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2015 Neighbourhood Development Plan — Honourable Mention

City of Richmond, British Columbia

City Centre Area Plan

Population:  Plan duration:  Total project value:
208,000 2009-ongoing $1 million

Oval & Riverfront festival

Spurred on by its success as a co-host for the 2010 Winter Olympic Games, the City of Richmond, BC, has developed a suite of plans to ensure enhanced sustainability as the population of its downtown doubles over the next 25 years, and triples by the end of the century.

At the heart of the plans are six high-density, transit-oriented urban "villages" built around Canada Line stations (greater Vancouver's light-rail commuter system) and designed to promote walking and bicycling. The city will approve increased density for developers to help fund an additional transit station. In addition, density bonuses are available to developers who contribute to civic amenities including parkland, child care, recreational and cultural facilities, and affordable housing for seniors, low-income families and homeless people. Developers are encouraged to meet a minimum LEED® Silver certification — including green roofs on all high density projects — and raise the ground level of developments in the flood plain. The plans also include the expansion of the city's existing district energy services to use recovered heat from the city's sewer system.

The city's goal is to promote human-scale development and liveable neighbourhoods where its diverse population can live, work and play. The plans will reduce urban sprawl and alleviate pressure on suburban neighbourhoods, industrial areas and farmland.

Results

Environmental Economic Social
  • Reduce GHG emissions 33% by 2020 and 80% by 2050 below 2007 levels

  • LEED® Silver certified new buildings

  • Green roofs for many new projects

  • District energy plant that will recover heat from the sewer system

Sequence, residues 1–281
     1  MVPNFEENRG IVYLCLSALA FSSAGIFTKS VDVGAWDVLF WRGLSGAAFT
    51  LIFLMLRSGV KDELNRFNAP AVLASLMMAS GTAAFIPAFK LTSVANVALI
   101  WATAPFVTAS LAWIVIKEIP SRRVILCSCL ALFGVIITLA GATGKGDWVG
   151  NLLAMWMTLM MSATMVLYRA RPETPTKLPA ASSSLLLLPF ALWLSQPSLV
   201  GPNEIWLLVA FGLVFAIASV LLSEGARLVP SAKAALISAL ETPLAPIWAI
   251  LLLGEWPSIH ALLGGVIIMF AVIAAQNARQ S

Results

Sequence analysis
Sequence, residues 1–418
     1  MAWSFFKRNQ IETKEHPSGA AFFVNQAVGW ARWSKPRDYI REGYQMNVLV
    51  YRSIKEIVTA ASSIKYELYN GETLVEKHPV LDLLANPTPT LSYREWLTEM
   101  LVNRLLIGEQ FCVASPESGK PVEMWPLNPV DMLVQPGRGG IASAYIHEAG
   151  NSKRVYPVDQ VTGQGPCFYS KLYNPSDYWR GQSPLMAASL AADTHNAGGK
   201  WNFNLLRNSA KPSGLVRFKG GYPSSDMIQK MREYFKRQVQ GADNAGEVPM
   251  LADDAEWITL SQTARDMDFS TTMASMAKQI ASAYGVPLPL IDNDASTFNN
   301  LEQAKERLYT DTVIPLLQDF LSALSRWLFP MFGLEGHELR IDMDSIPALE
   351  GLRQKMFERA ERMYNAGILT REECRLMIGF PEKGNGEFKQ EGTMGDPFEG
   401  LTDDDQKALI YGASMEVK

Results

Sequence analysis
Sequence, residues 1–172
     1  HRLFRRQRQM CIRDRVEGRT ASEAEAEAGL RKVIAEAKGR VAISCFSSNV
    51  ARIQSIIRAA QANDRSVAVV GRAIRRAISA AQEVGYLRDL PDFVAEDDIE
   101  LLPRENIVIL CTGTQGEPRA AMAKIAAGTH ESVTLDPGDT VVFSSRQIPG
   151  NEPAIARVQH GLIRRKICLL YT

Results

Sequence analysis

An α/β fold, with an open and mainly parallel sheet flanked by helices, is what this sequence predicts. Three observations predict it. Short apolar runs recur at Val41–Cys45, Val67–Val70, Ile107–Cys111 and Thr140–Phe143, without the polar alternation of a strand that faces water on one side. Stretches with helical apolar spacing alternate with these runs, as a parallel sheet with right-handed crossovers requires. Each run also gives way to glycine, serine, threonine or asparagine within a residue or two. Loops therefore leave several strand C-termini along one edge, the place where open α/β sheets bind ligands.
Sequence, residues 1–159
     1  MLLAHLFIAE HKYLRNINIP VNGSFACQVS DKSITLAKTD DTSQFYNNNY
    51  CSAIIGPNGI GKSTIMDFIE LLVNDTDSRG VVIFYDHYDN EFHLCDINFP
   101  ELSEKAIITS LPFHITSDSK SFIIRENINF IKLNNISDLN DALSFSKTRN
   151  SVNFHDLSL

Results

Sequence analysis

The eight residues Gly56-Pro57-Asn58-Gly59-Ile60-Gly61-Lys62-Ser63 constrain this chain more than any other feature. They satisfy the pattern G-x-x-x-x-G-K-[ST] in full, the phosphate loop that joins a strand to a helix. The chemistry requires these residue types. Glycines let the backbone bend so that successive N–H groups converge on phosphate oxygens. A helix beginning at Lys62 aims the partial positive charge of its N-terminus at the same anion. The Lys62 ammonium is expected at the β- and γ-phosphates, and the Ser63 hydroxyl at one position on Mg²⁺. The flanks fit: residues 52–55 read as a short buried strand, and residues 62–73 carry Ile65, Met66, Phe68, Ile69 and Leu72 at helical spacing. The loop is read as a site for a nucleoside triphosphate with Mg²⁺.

• 40,000 new jobs by 2041

  • Promote knowledge-based business development

  • Support for key sectors including transportation, distribution, agriculture, fishing and tourism

  • Compact, transit-focused "villages" that promote walking and bicycling

  • Almost 300 affordable housing units for seniors and 130 for homeless and at-risk residents

  • 5% of units in large residential developments to be low cost rental units 

  • Planned parkland ratio of 1.3 hectares per 1,000 residents

  • New amenities such as bike paths and electric vehicle charging stations

Challenges

  • As an island city with a downtown area that is set to triple its population, the city's challenge is to evolve beyond its car-centred roots and plan for dense, transit-oriented development that will make automobile use optional for many future residents.
  • Access to affordable housing is critical. Prices for homes and apartments are increasing rapidly and almost half of the city's tenants spend close to a third of their income on rent. More than 40 per cent of seniors live on less than $15,000 a year, and the number of seniors is expected to more than double by 2031.
  • Protecting industrial/employment lands is critical as the city transitions from its origins as a residential satellite of Vancouver into a distinct community where people live and work.
  • Richmond has a diverse population — more than 60 per cent of residents are from the Asia-Pacific region — and wants to retain traditional neighbourhoods as its downtown evolves into a larger, more urban centre.
  • The city's location on a flood plain at the mouth of the Fraser River means planning for rising sea levels. 

Lessons learned

  • Start the planning and consultation process early; don't wait.
  • Find partners with common goals and ensure that agreements are clear and simple.
  • Take advantage of private development to secure public spaces and advance community goals.
  • Protect employment lands with long-term strategies aimed at adaptability.
  • Be creative and take risks.
Page Updated: 25/04/2016